The very little,… the unrighteous wealth, of which our Lord speaks—this refers to your time, talents, and treasures. They are that which is another’s. These riches do not come from you; rather, they are God’s gift to you. The true riches…that which is [now] your own as God’s dear children are the great treasures of God’s Word, and also Baptism, Absolution, and the Lord’s Supper.
Your calling in Christ is to be faithful in the very little, in the unrighteous wealth, which is another’s. You are to use your time, talents, and treasures in faith toward God and fervent love for others. If you squander your time, talents, and treasures on self-centered living, focusing only on satisfying your earthly desires, then you will have no appetite for God’s holy Word and Sacraments.
Here is the main point about money, abilities, and the hours of our lives in relation to God’s true riches: if you are faithful in the little things, then you will be faithful in the big ones; if you are unrighteous in the little things, you will be unrighteous in the big things.
Sadly, some people who were baptized and confirmed become so consumed on spending their time, talents, and treasures upon themselves that they cannot be bothered with the true riches of God’s Word and Sacraments. The abuse of unrighteous wealth leads to the neglect of true riches. And yet—thanks be to God—there is a great multitude of Christians—including you—who are faithful in the very little things—using their time, talents, and treasures to the glory of God and the well-being of their neighbour—so that, by God’s grace, they end up being faithful in much, in daily living in their baptism and in faithfully receiving the Lord’s Word and Supper.
Okay, that’s the first topic; now the second: evangelism. Our Lord Jesus tells us: make friends for yourselves by means of unrighteous wealth, so that when it fails they may receive you into the eternal dwellings. In today’s parable, the manager quickly works to lower the debt of his master’s debtors so that after he is fired, they will gladly receive him into their homes. Something similar is to happen in your life. You are to use your time, talents, and treasures in such a way that your fellow saints will welcome you with joy in the eternal dwellings of heaven.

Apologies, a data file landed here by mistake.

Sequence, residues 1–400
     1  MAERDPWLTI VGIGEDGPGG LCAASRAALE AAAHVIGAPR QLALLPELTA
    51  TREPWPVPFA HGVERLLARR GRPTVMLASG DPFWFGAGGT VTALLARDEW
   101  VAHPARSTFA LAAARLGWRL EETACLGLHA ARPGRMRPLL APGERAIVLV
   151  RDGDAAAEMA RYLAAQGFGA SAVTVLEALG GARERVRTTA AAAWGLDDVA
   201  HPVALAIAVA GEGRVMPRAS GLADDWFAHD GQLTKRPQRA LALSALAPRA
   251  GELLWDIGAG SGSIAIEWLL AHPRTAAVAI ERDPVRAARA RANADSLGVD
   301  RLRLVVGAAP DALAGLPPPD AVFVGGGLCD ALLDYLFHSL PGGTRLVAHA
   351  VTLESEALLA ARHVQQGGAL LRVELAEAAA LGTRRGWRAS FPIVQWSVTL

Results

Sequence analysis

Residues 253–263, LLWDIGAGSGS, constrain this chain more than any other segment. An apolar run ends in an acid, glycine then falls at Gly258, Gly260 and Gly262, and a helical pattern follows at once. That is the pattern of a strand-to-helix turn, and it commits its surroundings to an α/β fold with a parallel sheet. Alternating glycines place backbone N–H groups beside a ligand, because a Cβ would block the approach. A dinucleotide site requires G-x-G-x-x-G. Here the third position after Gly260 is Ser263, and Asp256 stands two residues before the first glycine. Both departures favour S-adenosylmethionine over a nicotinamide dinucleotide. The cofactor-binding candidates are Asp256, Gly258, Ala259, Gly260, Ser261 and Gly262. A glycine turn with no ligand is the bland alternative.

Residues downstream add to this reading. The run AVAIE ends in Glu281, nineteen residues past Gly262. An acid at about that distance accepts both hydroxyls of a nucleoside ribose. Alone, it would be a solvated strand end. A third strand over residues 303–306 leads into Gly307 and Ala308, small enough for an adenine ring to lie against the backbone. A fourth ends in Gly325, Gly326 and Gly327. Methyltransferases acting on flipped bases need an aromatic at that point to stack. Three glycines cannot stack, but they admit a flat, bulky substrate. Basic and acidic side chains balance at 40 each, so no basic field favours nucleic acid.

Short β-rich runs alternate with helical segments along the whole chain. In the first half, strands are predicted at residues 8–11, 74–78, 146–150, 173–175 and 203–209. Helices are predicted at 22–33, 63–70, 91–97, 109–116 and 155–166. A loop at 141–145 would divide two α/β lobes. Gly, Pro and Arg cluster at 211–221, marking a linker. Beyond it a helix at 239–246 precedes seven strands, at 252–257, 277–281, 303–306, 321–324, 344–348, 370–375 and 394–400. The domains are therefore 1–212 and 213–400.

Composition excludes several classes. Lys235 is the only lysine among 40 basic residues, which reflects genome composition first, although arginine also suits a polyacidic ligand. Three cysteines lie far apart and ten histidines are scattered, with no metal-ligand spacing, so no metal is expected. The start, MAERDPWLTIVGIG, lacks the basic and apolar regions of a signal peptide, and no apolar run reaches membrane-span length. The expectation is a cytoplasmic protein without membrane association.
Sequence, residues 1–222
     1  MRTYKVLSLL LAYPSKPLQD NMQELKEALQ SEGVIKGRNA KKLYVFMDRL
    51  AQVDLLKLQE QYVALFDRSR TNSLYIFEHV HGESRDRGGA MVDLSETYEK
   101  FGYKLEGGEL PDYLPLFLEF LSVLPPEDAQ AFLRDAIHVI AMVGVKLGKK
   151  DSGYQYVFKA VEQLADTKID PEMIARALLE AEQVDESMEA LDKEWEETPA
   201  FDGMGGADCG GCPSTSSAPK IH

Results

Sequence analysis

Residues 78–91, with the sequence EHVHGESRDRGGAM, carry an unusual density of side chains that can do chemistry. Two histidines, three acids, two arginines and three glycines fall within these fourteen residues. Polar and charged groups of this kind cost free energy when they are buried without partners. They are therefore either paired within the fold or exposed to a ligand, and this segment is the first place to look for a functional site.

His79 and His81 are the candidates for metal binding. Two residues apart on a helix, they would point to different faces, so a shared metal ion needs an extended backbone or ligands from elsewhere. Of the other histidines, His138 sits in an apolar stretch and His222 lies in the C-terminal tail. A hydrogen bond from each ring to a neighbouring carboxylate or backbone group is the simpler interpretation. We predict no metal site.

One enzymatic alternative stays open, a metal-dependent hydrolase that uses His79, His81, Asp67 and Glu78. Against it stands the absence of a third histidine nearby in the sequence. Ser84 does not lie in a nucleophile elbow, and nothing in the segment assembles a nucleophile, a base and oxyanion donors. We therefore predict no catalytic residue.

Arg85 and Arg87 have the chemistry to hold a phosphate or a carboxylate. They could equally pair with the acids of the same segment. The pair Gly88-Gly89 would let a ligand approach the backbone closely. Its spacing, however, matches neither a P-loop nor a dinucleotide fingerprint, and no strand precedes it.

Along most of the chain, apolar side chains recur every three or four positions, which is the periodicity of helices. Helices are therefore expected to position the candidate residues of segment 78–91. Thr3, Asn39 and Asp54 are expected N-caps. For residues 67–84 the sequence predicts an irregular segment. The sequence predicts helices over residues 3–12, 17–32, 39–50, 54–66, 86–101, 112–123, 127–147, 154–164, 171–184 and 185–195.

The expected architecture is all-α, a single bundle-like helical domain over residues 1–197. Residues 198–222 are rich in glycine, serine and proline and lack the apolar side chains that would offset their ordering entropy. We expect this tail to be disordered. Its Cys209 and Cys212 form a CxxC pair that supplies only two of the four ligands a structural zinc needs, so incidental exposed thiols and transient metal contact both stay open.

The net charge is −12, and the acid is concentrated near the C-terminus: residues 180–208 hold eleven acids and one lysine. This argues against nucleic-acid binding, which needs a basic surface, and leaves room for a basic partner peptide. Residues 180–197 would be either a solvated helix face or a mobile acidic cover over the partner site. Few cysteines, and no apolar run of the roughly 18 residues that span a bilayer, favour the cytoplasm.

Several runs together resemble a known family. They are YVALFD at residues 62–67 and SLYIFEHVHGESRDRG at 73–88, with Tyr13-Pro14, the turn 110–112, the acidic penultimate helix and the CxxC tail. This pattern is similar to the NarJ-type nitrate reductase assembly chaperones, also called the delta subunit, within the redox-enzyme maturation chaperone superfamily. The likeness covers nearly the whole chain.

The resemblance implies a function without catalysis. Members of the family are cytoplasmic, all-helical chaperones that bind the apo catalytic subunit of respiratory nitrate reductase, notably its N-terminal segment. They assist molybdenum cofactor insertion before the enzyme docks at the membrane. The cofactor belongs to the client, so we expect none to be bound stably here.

Being baptized, you have seen the purpose of the Lord, how the Lord is compassionate and merciful (James 5:11). You know that your calling is to be imitators of God, as beloved children[, to] walk in love, as Christ loved us and gave Himself up for us, a fragrant offering and sacrifice to God (Ephesians 5:1). You are to be merciful, even as your Father is merciful (Luke 6:36). Imitating God’s mercy for you, you give generously, selflessly of your time, talents, and treasures, with no thought of reward, not let[ting] your left hand know what your right hand is doing,so that your giving may be in secret. And your Father who sees in secret will reward you (Matthew 6:3-4).
Here is the bottom line: You have been shown generous mercy by God for the sake of Christ Jesus your Saviour; now, you are to show merciful generousity to others. Really, using your time, talents, and treasures in generous mercy to others is rewarding in itself. But there is more. Your giving to others is a such a marvelous display of mercy that it may just touch their lives for all eternity. And thus, the way you use your time, talents, and treasures is indeed a form of evangelism.